Most drugs whether therapeutic or recreational, when taken during pregnancy are able to pass the placental barrier, and possible effects of those drugs on the fetus must always be considered when they are prescribed or administered during pregnancy.
It is not all cases of deformity in the fetus that is due to drug effects, therefore Care is necessary before attributing any solitary case of fetal deformity to a particular drug. A great majority of fetal malformations occur as a result of genetic disturbance or pathological events entirely unrelated to any drugs which the mother may have taken during pregnancy.
The study of harmful effects of drugs on fetus is called teratology and drug which has been identified as harmful to the fetus is referred to as a teratogen or teratogenic agent. An important principle of teratology claims that it is not so much as the nature of the harmful agent taken, but rather the time in embryonic or fetal development at which the drug was taken that chiefly determines the abnormality produced.
So generally, the earlier in pregnancy that a teratogenic agent acts, the more severe the malformation will be. Furthermore, there is a particular period in the embryonic and fetal development that each developing structure is most vulnerable to malformation and this must also be considered.
It should be a general principle to avoid the administration of any drug during the early weeks of pregnancy unless it is clearly necessary for the treatment of a maternal condition. There are several therapeutic and recreational drugs that have been shown to have harmful effects during pregnancy and so many more are still being studied. The following are just a few out of the long list.
Some drugs and their effects on pregnancy
Sedatives and analgesics
- Morphine or pethidine : given within 2 or 3 hours before delivery will depress the fetal respiratory centre. This effect can however be counteracted by an injection of naloxone.
- Heroin : If the mother is a heroin addict, the baby may show withdrawal symptoms after delivery with restlessness and failure to feed which will consequently lead to loss of weight.
- Aspirin : NSAIDs like aspirin may inhibit prostaglandin synthesis and produce premature closure of the fetal ductus arteriosis.
- Diazepam : When administered in large doses before delivery, diazepam will depress fetal medullary centres and cause loss of the normal baseline variation of the heart rate and hypotonia.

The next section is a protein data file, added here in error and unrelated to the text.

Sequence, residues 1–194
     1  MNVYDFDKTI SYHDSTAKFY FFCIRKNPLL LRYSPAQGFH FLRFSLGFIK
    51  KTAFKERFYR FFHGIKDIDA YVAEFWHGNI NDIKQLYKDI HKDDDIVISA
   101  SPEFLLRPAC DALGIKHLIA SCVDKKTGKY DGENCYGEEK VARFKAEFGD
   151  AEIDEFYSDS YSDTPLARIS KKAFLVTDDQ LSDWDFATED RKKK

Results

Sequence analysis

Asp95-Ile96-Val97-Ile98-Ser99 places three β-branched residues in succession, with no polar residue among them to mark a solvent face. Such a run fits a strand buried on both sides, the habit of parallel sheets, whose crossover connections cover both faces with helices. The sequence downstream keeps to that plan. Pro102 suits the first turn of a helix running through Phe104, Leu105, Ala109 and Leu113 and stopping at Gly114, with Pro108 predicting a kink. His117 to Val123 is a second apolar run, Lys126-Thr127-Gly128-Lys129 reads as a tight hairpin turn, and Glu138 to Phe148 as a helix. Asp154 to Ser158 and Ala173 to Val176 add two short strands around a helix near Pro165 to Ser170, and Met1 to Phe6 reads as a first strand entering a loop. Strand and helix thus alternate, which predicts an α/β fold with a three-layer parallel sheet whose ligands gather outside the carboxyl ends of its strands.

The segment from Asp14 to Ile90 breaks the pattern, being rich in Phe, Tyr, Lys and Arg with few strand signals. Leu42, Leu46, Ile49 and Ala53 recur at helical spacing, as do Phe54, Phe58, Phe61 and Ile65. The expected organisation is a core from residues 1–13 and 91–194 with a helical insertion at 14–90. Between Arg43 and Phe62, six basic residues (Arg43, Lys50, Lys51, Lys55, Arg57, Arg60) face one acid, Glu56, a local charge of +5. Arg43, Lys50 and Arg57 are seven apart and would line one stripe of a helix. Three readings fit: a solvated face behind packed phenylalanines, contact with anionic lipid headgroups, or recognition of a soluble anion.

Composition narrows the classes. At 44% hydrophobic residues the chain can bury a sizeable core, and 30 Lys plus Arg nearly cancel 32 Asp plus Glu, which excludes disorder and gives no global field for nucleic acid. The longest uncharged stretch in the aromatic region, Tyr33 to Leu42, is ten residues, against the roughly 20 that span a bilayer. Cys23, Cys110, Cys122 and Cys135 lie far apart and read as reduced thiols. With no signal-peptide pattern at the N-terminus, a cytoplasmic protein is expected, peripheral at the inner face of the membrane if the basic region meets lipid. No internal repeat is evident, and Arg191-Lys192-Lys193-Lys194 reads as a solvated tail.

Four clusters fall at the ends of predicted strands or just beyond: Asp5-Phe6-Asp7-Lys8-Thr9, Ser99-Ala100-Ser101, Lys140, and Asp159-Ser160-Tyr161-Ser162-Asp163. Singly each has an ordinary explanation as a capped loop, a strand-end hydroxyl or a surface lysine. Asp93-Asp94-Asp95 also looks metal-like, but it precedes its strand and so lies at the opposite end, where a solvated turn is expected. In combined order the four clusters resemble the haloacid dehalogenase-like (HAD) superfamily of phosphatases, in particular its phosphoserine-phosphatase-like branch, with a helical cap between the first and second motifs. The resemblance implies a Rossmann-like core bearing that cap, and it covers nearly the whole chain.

- Phenytoin : is usually given to control epilepsy and it inhibits folio acid. Therefore, additional folic acid must be given when phenytoin is used during pregnancy.
Cardiovascular acting drugs
- Hexamethonium : may cause ileus in the new born.
- Reserpine : This drug will cause a transitory non-infective nasal discharge in the infant.
- Propanolol and Atenolol : These can cause fetal bradycardia and neonatal circulatory depression.
Injectible anticoagulants like heparin do not cross the placenta and therefore have not been shown to have any effect on the fetus. Oral anticoagulants like warfarin, however, cross the placenta and reach the fetus. It can cause bony or facial abnormalities if administered early in pregnancy. In late pregnancy, it can cause retroplacental haemorrhage or bleeding into the fetal tissues and intrauterine fetal death.
- Sulphonamides : They compete with bilirubin for binding sites on serum albumin and therefore can increase the possible risk of kernicterus after birth.
- Salicyclates : They produce similar effects like sulphonamides.
- Cotrimoxazole : is a folic acid antagonist and therefore a potential teratogen.
- Tetracyclines : The children of mothers taking tetracyclines during pregnancy may have greenish-yellow staining of their milk teeth and there may be interference with enamel growth leading to imperfect dentition.
- Streptomycin : Increase risk of damage to the 8th nerve of the fetus.
- Chloramphenicol : can cause postnatal collapse and hypothermia in the newborn.
- Androgens : Androgens like testosterone should not be given to pregnant women because they can cause virilization of the female fetus.
- Diethylstilboesterol : Should not be given in pregnancy because it can cause vaginal septal defect in female fetuses if administered early in pregnancy.
Radioactive isotopes of iodine, strontium and phosphorus cross the placenta and become localised in fetal tissues causing damages to those tissues.
Antithyroid drugs such as thiouracil or large doses of iodine may cause fetal goitre or hypothyroidism.
Cytotoxic and Alkylating drugs
Drugs including methotrexate, busulphan, cyclophosphamide, chlorambucil and many others used for cancer treatment can be very harmful to the fetus and should be avoided where possible.
It has been alleged that smoking is responsible for more neonatal pathology than any other known cause and it’s effects can continue to be manifested well into childhood. Smoking is harmful to the fetus and will cause reduction in birth weight and increase risk of perinatal mortality.
Raised maternal carbon monoxide levels from cigarette smoking produces an increase in carboxyhemoglobin which interferes with oxygen transport to the fetus. Nicotine causes vasoconstrictive effects on maternal blood vessels at the placenta which is aggravated if the mother is hypertensive already.
Children born to mothers drinking excessive alcohol will have low birth weight and an increased risk of neonatal and infant mortality. Some babies can have fetal alcohol syndrome which has a characteristic facial appearance of a broad nasal base, epicanthic folds, a long upper lip and a small lower jaw with mental retardation.
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